Teenage Rebellion? It?s All Talk!
By Tim Bird, Fri Mar 01 00:00:00 GMT 2002

The mobile phone is a new symbol of restless youth, the contemporary focus for the adolescent hormonal flood.


The old believe everything; the middle-aged suspect everything; the young know everything. Oscar Wilde’s epigram rings truer now than it did in his day, especially the last part. Nothing is mysterious for kids any more: they are familiar with everything to do with sex, violence and adult corruption from an early age. Teenage rebellion? They’ll be lucky. Their parents probably like the same music, watch the same cult movies. For heaven’s sake, they even carry the same brand of mobile phone.

If we are to believe a stack of surveys, and overlook their largely anecdotal nature, the mobile phone is a new symbol of restless youth, the contemporary focus for the adolescent hormonal flood. It’s not that hard to imagine all the great icons of modern teenage rebellion with mobiles pressed to their ears… Elvis Presley, James Dean, Mick Jagger, Johnny Rotten, Kurt Cobain. But would a cocky little mobile device really have made any difference to their menace quota at the height of their sneering heydays?

Should we regret the fact that the cell phone is about as extreme as kids get in terms of symbols of dissent? Or should we perhaps be grateful that, rather than poisoning their lungs with tobacco behind the bike shed in time honoured tradition, the teenagers of the 21st century are choosing to talk themselves to death? In Britain at least, scientists have concluded that a fall in smoking among 15-year-olds from 30 to 23 per cent in the three years up to 1999 could be related to a 70 per cent increase in cell phone ownership over the same period.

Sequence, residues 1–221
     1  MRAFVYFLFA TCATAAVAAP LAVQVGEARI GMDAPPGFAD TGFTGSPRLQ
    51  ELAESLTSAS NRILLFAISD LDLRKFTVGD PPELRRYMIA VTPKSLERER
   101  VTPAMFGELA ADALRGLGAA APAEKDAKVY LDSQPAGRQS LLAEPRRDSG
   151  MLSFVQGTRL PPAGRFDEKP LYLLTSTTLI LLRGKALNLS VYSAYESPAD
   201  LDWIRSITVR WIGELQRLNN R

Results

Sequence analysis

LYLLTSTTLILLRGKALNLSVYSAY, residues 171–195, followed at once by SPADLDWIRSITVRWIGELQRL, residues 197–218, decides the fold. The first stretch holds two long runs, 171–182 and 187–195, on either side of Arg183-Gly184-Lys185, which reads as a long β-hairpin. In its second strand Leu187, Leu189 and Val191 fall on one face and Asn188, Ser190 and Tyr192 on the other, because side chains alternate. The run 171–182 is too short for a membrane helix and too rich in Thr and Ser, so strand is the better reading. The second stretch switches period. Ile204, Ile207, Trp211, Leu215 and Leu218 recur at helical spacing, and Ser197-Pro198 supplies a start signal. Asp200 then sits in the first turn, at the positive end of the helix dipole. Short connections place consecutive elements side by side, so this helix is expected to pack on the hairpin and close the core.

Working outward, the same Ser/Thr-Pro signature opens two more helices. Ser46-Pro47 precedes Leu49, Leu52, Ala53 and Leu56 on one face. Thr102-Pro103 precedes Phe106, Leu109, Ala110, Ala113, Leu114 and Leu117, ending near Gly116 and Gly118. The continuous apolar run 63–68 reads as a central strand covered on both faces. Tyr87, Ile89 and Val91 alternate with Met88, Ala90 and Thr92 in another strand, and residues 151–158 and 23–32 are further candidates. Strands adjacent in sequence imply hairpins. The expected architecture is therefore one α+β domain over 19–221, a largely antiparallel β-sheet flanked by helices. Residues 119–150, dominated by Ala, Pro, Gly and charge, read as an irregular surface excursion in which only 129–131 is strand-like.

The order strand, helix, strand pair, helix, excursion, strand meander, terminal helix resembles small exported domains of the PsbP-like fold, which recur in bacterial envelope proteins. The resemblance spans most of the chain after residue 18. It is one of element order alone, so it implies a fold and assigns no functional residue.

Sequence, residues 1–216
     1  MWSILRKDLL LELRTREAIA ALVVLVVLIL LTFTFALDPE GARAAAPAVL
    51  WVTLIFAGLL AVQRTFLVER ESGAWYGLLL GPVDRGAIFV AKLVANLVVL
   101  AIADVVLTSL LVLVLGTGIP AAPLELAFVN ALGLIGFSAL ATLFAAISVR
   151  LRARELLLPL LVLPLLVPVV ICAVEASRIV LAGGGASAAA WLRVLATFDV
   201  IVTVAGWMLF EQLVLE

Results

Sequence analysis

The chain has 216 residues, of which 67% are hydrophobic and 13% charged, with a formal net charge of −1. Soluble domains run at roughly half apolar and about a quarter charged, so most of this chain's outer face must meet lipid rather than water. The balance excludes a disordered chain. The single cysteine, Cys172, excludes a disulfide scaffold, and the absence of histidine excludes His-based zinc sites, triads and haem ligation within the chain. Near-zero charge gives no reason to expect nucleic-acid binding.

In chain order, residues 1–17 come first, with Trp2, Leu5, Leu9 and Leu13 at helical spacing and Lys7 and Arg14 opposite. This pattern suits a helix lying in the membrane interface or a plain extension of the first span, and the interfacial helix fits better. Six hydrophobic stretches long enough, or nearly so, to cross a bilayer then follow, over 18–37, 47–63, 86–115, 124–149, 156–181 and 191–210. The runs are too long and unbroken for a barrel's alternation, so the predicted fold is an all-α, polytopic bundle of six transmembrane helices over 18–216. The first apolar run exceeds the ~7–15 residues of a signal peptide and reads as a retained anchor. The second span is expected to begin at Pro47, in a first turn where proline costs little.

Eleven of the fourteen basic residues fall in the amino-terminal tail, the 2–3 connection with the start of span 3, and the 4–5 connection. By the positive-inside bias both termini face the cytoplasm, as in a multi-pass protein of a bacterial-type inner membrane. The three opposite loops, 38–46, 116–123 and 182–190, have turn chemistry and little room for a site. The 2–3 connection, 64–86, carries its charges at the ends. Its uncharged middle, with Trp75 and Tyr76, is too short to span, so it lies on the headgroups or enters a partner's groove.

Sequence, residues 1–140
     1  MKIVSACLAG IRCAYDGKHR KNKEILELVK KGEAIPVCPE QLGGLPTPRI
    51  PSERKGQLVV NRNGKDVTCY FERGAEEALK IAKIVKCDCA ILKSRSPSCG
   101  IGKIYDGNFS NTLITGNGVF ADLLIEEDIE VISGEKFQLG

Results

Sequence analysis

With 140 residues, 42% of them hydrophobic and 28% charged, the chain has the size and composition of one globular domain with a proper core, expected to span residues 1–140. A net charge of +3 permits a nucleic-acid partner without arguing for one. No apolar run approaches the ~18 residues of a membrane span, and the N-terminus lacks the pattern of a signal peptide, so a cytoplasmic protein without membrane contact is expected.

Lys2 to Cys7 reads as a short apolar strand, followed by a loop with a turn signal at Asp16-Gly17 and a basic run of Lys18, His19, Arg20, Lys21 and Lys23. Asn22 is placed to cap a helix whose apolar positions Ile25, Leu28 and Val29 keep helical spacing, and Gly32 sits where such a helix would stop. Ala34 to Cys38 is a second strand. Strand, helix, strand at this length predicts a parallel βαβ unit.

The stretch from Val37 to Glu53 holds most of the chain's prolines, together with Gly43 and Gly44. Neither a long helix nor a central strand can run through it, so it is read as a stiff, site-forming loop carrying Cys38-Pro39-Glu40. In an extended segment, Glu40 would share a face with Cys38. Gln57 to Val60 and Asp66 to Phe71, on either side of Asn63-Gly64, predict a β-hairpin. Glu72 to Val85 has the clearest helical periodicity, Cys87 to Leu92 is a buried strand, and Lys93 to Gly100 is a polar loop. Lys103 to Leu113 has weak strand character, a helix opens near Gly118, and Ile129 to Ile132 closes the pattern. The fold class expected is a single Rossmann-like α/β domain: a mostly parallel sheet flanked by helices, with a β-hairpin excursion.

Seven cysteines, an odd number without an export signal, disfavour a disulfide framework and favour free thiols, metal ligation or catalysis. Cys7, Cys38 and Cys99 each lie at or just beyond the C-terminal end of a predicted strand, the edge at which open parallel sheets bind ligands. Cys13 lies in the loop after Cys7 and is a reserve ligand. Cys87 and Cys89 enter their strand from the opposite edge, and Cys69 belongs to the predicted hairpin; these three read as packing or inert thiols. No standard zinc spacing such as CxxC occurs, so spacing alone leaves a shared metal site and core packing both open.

It’s certainly true that any respectable (and these days, they usually are respectable) 21st century teenage survival kit includes a mobile phone, tucked in nicely with the Walkman. Take 18-year-old Finn, Eveliina Lehtonen, who bought her first phone just after her 18th birthday.

“I was excited about getting a mobile, and I played with it for hours,” she says. “I had been thinking about it for a while. Everyone else had had one for years. I got some extra money and I thought a phone would be good thing to spend it on. I write text messages almost every day, although sometimes it’s wiser to call than to send many text messages.” Notice the emphasis on wisdom here. Good for Eveliina, I say, but it’s not a word I used much when I was a teenager.